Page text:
Keeping your ears open for ideas and trends that might be leading your clients astray does them a great service. There are several common themes that appear in magazine articles, social media posts and tv shows to keep an ear open for.
People who are desperate for answers to their lifelong battle with being overweight will often seek out extreme ways to deal with it. Preventing unhealthy eating issues is an important part of any fitness program. It’s hard to say with absolute certainty how you would define a “fad diet” or exactly what “normal eating” is. What I can say for sure that if some style of eating causes you bodily harm you should avoid it.
Weight Loss Competitions
People are constantly bombarded with mixed messages about what exactly they should be doing. TV shows have contests to see who can lose the most weight in a week even though it’s been proven time and time again that fast loss is not usually lasting. Employers sometimes emulate these contests with their employees to encourage them to lose weight.
Imagine if you went to work and staged a contest to see who could smoke the most cigarettes or drink the most alcohol? If you weren’t fired on the spot you would certainly face some sort of disciplinary action. At what point in my lifetime did an eating disorder contest become an effective weight loss program?
While it seems harmless, encouraging people to compete with one another in a weight loss competition sets the stage for extreme diet and training protocols. This is harmful to the participants and sets a bad precedence in the minds of the public. In my opinion any trainer that has ever been on a weight loss contest show is a complete sell out. Not only are these contests unhealthy but it violates a very important principle of our profession.
Surely you’ve told a client that the only person they are competing against is their former self? It’s a good message to repeat andy time you feel it necessary.
Go on social media on any given day and you will likely see someone boasting that they lost five or six pounds in just one week. Knowing full well that the maximum safe weight loss is 1-2 pounds a week their friends offer praise and encouragement. Would you praise them if they told you that they were taking anabolic steroids and put on five or six pounds of muscle?
Both things are harmful to your body and should not be encouraged and yet it is socially acceptable to praise a person for successfully starving them self. As unpopular as it might make you, it is the right thing to do to tell a person that is losing weight too quickly to stop doing it and explain why. Let’s change the popular belief that losing weight quickly makes you a hero.
Quite often people that want to lose weight as quickly as possible resort to a nontraditional eating style. Becoming a Vegan, Vegetarian or Paleolithic eater is not in of its self necessarily an eating problem. In fact it is really a value based decision as to what lifestyle you choose. However there is no valid reason to adopt such a diet just to be healthy or to lose weight. You can eat healthy or unhealthy while adhering to any of these diets.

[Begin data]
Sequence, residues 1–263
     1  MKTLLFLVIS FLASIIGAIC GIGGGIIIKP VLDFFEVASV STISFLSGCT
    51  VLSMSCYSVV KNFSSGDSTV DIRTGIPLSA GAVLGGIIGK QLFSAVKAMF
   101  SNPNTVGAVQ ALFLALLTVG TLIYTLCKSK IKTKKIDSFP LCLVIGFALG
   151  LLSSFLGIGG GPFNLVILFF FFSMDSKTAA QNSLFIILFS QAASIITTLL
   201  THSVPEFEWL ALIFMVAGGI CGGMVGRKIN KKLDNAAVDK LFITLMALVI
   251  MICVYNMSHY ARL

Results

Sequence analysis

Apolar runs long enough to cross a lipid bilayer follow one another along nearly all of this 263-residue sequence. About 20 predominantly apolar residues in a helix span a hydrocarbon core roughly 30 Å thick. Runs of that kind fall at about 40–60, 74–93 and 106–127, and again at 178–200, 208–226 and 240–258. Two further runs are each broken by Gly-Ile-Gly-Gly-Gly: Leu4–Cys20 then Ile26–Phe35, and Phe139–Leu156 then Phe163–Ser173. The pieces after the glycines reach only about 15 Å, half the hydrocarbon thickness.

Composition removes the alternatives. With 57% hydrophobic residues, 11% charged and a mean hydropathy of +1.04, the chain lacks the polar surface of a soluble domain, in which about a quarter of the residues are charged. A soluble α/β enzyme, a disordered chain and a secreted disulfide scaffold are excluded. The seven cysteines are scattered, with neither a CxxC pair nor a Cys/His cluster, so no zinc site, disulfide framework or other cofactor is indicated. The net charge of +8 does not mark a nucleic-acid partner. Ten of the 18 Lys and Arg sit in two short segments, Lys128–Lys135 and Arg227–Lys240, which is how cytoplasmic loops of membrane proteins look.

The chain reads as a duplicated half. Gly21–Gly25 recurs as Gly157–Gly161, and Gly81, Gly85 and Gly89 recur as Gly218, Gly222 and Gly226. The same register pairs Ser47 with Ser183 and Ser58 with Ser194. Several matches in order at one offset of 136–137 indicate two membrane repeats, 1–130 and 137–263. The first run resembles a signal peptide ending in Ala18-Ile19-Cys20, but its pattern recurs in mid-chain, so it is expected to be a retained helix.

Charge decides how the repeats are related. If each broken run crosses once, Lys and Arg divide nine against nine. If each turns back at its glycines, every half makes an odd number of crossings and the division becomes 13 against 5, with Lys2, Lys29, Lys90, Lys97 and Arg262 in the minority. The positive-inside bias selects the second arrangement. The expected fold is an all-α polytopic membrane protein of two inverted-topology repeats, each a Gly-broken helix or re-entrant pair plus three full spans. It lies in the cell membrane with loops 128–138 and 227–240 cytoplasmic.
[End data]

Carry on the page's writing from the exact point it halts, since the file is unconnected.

The same can be said of a diet that includes meat. However there does seem to be a certain extreme element that eats a nontraditional diet that can have more of a tendency to develop eating disorders. It’s not that the diets are bad. It is just more attractive to start this type of diet for people that have extreme views on eating and this type of person is more likely to have or develop an eating disorder.
Make sure that non-meat eaters are meeting all of their calorie, protein, vitamin and mineral needs. It is important to let people know that they should do their due diligence before adopting a vegetable base diet. It’s handy to have a Licensed Dietitian that you can recommend. If you find that a client on any diet is losing weight too rapidly or is weak and looks rundown you need to talk to them about their diet.
Quite often Vegetarians or Vegans ask me about vegetable based protein supplements. I tell them that I am not qualified to offer nutritional counseling but that I do know of vegetable based protein supplements that they can research. It is really up to the client to decide what they put into their bodies. If I tell someone of the existence of pea, hemp or soy protein supplements it is not the same as endorsing their use. It is an important distinction that you are only providing information as to what supplements exist and not endorsing or prescribing a diet to them.
When to step in
There is a very fine line that exists between being highly motivated and being too extreme. It’s a judgment call that we sometimes have to make whether or not a person is pushing things too hard. If you find that a person is obsessive and often makes extreme statements about their eating or workout desires, it may be time that you recommend that they get help. We are advocates of living a healthy lifestyle. The pursuit of perfection can color ones sense of what is healthy. It is important that health takes priority over aesthetics.
What conversations have you overheard or been a part of that contained misleading information? We’d like to know!
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